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Committee Opinion No. 670 Summary: Immediate Postpartum Long-Acting Reversible Contraception

doi: 10.1097/AOG.0000000000001583
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Immediate postpartum long-acting reversible contraception (LARC) has the potential to reduce unintended and short-interval pregnancy. Women should be counseled about all forms of postpartum contraception in a context that allows informed decision making. Immediate postpartum LARC should be offered as an effective option for postpartum contraception; there are few contraindications to postpartum intrauterine devices and implants. Obstetrician–gynecologists and other obstetric care providers should discuss LARC during the antepartum period and counsel all pregnant women about options for immediate postpartum initiation. Education and institutional protocols are needed to raise clinician awareness and to improve access to immediate postpartum LARC insertion. Obstetrician–gynecologists and other obstetric care providers should incorporate immediate postpartum LARC into their practices, counsel women appropriately about advantages and risks, and advocate for institutional and payment policy changes to support provision.

For a comprehensive overview of these recommendations, the full-text version of this Committee Opinion is available athttp://dx.doi.org/10.1097/AOG.0000000000001587.

Committee on Obstetric Practice:The American College of Nurse–Midwives and the Society for Maternal–Fetal Medicine endorse this document. The American Academy of Family Physicians and the Association of Women’s Health, Obstetric and Neonatal Nurses support this document. This Committee Opinion was developed by the American College of Obstetricians and Gynecologists’ Committee on Obstetric Practice in collaboration with committee members Ann E. Borders, MD, MSc, MPH and Alison M. Stuebe, MD, MSc, and reviewed by the Long-Acting Reversible Contraception Work Group.

This document reflects emerging clinical and scientific advances as of the date issued and is subject to change. The information should not be construed as dictating an exclusive course of treatment or procedure to be followed.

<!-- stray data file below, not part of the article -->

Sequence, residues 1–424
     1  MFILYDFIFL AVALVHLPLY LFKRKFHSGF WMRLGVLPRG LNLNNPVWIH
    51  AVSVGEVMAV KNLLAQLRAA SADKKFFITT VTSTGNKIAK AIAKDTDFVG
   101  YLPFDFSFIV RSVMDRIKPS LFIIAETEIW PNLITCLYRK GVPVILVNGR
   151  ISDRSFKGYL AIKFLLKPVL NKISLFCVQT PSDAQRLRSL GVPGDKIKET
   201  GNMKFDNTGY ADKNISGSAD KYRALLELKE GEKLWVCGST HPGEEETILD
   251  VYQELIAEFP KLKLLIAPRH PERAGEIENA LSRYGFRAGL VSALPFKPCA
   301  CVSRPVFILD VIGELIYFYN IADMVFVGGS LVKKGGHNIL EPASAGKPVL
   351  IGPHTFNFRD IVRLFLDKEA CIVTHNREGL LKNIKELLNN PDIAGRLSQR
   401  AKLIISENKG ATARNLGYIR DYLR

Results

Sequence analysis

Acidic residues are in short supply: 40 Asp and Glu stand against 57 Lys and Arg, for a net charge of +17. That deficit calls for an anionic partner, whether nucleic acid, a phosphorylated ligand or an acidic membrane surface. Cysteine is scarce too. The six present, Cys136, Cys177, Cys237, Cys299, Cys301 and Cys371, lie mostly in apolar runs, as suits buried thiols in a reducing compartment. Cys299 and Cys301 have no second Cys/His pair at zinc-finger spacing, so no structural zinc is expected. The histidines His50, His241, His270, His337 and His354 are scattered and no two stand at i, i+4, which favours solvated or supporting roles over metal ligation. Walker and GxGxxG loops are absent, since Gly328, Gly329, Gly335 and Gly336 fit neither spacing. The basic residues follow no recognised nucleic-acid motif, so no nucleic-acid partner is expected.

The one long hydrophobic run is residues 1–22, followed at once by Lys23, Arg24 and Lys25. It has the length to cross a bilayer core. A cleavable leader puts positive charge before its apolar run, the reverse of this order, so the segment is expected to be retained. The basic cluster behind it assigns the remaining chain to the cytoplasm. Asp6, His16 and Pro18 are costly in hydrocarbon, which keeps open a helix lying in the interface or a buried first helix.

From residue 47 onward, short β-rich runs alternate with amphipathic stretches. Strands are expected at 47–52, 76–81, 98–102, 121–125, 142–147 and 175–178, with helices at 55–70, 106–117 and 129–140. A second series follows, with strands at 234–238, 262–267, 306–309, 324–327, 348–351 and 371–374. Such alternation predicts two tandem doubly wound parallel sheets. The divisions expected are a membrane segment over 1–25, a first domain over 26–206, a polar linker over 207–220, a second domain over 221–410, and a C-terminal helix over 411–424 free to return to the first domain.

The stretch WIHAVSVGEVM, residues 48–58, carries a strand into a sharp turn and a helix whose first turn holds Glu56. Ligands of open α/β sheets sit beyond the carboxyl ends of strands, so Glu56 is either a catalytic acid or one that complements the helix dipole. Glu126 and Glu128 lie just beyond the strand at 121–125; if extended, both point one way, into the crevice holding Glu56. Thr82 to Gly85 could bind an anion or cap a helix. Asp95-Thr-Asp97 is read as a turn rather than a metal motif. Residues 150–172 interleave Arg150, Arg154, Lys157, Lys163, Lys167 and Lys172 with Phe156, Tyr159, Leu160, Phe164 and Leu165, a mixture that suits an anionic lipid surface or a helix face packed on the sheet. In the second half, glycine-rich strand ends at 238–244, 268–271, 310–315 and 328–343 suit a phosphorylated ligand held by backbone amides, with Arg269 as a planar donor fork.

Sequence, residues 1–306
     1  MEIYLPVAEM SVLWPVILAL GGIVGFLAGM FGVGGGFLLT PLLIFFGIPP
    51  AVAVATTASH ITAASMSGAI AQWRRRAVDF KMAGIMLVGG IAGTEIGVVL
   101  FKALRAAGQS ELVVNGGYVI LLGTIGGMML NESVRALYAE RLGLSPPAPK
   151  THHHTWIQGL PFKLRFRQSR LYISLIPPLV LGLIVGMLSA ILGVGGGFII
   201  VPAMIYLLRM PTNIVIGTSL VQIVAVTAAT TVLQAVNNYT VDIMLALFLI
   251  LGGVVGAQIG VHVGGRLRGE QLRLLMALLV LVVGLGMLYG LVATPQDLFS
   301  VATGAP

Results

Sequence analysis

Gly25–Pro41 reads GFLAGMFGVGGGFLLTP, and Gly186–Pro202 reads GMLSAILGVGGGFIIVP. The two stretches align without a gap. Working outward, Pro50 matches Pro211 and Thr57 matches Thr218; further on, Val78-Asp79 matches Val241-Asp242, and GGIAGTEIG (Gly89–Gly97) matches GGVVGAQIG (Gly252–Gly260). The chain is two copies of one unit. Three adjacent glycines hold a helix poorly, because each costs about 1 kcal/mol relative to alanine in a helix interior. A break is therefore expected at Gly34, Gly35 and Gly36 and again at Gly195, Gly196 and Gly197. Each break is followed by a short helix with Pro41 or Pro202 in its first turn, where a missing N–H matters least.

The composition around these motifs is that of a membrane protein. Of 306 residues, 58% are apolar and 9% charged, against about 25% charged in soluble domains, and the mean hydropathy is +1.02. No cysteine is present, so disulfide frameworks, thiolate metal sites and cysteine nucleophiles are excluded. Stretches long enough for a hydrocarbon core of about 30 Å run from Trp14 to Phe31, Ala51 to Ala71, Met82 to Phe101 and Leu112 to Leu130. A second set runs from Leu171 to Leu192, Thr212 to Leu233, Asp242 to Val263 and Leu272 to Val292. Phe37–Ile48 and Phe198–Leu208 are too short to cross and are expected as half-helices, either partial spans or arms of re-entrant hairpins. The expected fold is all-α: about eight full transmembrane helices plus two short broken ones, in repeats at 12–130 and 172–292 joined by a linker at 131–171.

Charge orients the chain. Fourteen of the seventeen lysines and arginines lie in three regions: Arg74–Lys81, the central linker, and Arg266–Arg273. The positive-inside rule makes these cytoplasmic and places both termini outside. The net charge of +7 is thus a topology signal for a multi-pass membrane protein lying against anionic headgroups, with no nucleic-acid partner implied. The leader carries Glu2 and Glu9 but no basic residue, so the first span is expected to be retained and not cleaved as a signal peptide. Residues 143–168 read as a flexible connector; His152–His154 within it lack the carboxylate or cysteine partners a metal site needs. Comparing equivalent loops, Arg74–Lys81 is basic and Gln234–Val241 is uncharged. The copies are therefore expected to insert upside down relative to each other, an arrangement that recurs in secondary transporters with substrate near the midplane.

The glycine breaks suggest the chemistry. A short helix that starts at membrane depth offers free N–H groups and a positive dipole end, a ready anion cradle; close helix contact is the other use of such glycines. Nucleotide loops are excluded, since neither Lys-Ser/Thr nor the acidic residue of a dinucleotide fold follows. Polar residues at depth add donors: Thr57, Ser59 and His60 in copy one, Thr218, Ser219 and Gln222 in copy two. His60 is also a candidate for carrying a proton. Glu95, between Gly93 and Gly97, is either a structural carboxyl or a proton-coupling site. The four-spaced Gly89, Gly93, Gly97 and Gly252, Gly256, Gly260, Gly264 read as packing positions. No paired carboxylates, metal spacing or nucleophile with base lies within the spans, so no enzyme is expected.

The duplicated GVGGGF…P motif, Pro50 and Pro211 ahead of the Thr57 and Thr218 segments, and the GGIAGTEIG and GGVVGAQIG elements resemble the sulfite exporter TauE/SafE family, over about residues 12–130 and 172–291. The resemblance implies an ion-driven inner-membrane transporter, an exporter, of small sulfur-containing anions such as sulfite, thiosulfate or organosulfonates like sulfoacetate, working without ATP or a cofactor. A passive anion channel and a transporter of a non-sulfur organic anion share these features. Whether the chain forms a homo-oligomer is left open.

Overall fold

Copyright August 2016 by the American College of Obstetricians and Gynecologists. All rights reserved. No part of this publication may be reproduced, stored in a retrieval system, posted on the Internet, or transmitted, in any form or by any means, electronic, mechanical, photocopying, recording, or otherwise, without prior written permission from the publisher.

Requests for authorization to make photocopies should be directed to Copyright Clearance Center, 222 Rosewood Drive, Danvers, MA 01923, (978) 750-8400.

The American College of Obstetricians and Gynecologists 409 12th Street, SW, PO Box 96920, Washington, DC 20090-6920

Official Citation: Immediate postpartum long-acting reversible contraception. Committee Opinion No. 670. American College of Obstetricians and Gyne-cologists. Obstet Gynecol 2016;128:e32–7.

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Recommendations

The American College of Obstetricians and Gynecologists (the College) recommends the following strategies for immediate postpartum long-acting reversible contraception (LARC):

  • Optimally, women should be counseled prenatally about the option of immediate postpartum LARC. Counseling should include advantages, risks of intrauterine device (IUD) expulsion, contraindications, and alternatives to allow for informed decision making.
  • Immediate postpartum LARC should be offered as an effective option for postpartum contraception; there are few contraindications to postpartum IUDs and implants. Obstetrician–gynecologists and other obstetric care providers should counsel women about the convenience and effectiveness of immediate postpartum LARC, as well as the benefits of reducing unintended pregnancy and lengthening interpregnancy intervals.
  • Obstetrician–gynecologists and other obstetric care providers should include in their contraceptive counseling the increased risk of expulsion, including unrecognized expulsion, with immediate postpartum IUD insertion compared with interval IUD insertion.
  • Systems should be in place to ensure that women who desire LARC can receive it during the comprehensive postpartum visit if immediate postpartum placement was not undertaken.
  • Obstetrician–gynecologists, other obstetric care providers, and institutions should develop the resources, processes, and infrastructure, including stocking LARC devices in the labor and delivery unit and coding and reimbursement strategies, to support immediate LARC placement after vaginal and cesarean births.
  • Obstetrician–gynecologists and other obstetric care providers should advocate for appropriate reimbursement for immediate postpartum LARC from public and private insurers.

© 2016 by The American College of Obstetricians and Gynecologists. Published by Wolters Kluwer Health, Inc. All rights reserved.